The morning arrived with clear skies and I knew it would be warm so I packed up and hit the road with no warm layers. THe twenty miles into Lillooet were very pleasant at 60 degrees and the winding road had few cars going my direction. I turned on my GoPro at one point before the town and captured a really cool twisty section that was one of the best stretches of the trip, stay tuned for the full length feature film.
Back at the campground four dual sport riders were encouraging me to a side road through Moha high up in the mountains. It is paved and gravel and I considered it but ended up staying on 99 for the sixty miles to Pemberton; I am glad I did. This is one of the most incredible stretches of mountain road I have been on. It winds through the forest and along rivers with great corners and good pavement. The speed is posted at 80kph; sorry Canada, I did not comply. The entire stretch I had no cars in front of me and rode as hard as I dared. The temperature dropped into the low 50s and was a bit cold but I did not want to stop and chance a car overtaking me that I would have to deal with later. When I got to Pemberton it warmed up a bit and I was fine the rest of the day. There were no places for breakfast here s I pressed on to Whistler. From Pemberton on I was really back in the world and had cars and traffic lights to deal with. The twenty miles to Whistler were nice but I could not ride at my pace. Oh, well, I have to behave now.
Whistler is a beautiful resort, filled with beautiful people. I finally found a place to eat and attracted attention because I was out of place in my bug splattered riding gear and grungy motorcycle. Sorry, I will sully your world for only a brief time and be gone. The breakfast was good, it has been awhile since I had a good omelet. I was able to check the ferries at breakfast and figured out that I wanted to take the ferry from Coupeville to Port Townsend which would put me on the Olympic Peninsula.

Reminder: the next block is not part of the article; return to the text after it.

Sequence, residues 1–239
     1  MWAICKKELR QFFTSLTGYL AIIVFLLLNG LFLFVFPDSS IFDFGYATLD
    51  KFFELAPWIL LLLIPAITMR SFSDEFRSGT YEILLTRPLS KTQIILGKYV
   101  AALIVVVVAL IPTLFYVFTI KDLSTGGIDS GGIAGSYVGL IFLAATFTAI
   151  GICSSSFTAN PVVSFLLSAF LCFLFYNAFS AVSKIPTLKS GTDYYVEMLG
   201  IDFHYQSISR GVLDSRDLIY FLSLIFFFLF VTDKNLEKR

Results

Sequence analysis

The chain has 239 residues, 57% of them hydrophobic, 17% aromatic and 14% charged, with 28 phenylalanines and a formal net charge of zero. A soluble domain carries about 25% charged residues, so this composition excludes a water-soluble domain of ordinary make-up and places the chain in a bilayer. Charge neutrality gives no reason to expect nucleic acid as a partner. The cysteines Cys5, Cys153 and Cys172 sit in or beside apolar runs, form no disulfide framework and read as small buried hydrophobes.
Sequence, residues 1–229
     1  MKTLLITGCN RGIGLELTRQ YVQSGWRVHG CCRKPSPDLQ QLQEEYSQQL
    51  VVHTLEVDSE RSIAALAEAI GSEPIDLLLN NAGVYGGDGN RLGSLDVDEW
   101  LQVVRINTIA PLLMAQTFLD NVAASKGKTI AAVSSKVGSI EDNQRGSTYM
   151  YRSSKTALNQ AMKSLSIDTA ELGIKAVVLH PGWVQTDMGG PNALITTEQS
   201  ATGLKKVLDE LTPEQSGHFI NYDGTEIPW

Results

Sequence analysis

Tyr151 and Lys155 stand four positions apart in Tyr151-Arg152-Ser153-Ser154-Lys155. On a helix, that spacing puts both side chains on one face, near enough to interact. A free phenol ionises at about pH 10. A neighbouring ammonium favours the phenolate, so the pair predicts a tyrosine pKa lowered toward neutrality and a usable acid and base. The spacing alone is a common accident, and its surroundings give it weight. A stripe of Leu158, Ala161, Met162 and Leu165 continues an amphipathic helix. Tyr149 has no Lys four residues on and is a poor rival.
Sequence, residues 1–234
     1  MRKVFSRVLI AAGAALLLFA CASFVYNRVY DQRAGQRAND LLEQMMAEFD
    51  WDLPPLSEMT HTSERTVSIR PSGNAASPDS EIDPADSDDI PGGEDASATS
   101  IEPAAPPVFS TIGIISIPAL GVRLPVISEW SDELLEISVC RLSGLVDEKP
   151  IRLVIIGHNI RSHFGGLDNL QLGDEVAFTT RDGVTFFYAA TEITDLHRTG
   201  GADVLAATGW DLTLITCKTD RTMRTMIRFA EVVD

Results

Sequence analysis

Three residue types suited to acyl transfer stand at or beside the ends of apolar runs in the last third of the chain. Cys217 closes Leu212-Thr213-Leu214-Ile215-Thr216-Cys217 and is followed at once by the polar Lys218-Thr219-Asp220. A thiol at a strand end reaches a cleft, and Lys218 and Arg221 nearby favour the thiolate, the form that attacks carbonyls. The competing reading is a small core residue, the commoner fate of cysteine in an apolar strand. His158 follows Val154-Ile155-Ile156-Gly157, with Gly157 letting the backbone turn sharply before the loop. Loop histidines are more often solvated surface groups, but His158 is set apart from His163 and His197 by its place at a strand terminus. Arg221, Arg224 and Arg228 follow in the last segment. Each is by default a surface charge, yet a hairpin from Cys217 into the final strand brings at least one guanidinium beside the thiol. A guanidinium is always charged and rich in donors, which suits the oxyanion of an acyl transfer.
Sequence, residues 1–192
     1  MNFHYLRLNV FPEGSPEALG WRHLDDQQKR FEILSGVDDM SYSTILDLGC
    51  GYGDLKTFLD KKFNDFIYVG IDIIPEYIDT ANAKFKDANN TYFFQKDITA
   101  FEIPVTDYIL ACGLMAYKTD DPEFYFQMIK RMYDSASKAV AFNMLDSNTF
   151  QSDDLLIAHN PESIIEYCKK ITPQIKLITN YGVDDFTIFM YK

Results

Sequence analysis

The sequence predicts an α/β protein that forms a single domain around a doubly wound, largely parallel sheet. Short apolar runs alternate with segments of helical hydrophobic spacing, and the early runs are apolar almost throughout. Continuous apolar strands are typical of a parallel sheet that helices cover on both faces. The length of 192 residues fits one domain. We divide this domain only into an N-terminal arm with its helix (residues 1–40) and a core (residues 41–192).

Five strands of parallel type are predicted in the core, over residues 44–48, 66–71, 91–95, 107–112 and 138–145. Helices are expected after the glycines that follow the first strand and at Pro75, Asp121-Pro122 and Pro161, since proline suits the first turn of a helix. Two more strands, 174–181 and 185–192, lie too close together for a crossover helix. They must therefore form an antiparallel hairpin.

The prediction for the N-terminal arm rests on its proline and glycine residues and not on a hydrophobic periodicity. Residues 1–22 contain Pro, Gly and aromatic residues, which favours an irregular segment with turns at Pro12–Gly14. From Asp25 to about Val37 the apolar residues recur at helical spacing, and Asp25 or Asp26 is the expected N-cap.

On the way out of Whistler I saw two convoys of Ferraris and Lamborghinis. Whistler attracts the well heeled. The ride was very scenic and many cars were going the same way to Vancouver. I stayed north of the big city and headed for Abbotsford to cross the border. I ended up crossing at Aldergrove inadvertently but it was a shorter wait so that was good. The border agents were very friendly and they were impressed with my road warrior appearance and wanted to know a bit about my trip. The one remarked that most of the bikes like mine they see are pristine and shiny and look unused for their intended purpose. He must have been referring to the dozen, or more, GS Adventures heading toward Whistler that were all shiny and their riders were in shirt sleeves. There must be a nice Starbucks there.
From the border I took back roads to get to highway 20 that runs to the ferry terminal. Interstate 5 would have been faster but I did not want to ride freeways. I made it to the terminal in time to get the 4:15 ferry and it cost a whole $6.05. The ride was a bit more than half an hour. I looked at the map and decided to ride to Shelton where I have an invitation to stay in a bed at old friends Dirk and Kelly. Kelly is the sister of my cousin’s husband.
The ride to Shelton is very scenic on the 101 down the east side of the peninsula. It was a bit slow because of small towns but really enjoyable. I passed many nice campgrounds and was regretting my decision to stay in a bed for the night. I got to Shelton about 7PM and we had a nice dinner and caught up on life. Dirk and Kelly’s is outside of town and they have realised their desire to ‘get away’ after decades in Los Angeles.
I passed 9000 miles and will just relax for the next day and then make my way to Mount Rainier and back to my tent. I hope to explore the Cascades on my way back home and I have plenty of time before I have to return to reality.